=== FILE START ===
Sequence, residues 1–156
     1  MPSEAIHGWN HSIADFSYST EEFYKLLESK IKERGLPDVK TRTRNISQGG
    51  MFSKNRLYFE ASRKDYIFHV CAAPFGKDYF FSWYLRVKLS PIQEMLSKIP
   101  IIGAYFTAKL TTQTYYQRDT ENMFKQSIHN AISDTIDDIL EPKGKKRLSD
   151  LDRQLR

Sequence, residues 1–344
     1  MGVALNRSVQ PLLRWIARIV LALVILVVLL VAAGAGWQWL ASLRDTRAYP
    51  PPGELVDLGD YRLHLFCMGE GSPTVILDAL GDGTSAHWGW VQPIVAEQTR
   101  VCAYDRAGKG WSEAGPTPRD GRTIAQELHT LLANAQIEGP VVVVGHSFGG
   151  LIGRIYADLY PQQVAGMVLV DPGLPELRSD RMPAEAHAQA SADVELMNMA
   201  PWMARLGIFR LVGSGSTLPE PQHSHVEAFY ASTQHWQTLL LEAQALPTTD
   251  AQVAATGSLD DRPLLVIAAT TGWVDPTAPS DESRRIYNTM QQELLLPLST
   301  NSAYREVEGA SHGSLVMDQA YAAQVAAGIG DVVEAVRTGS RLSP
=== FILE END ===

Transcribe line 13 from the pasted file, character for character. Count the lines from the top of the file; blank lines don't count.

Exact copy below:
   301  NSAYREVEGA SHGSLVMDQA YAAQVAAGIG DVVEAVRTGS RLSP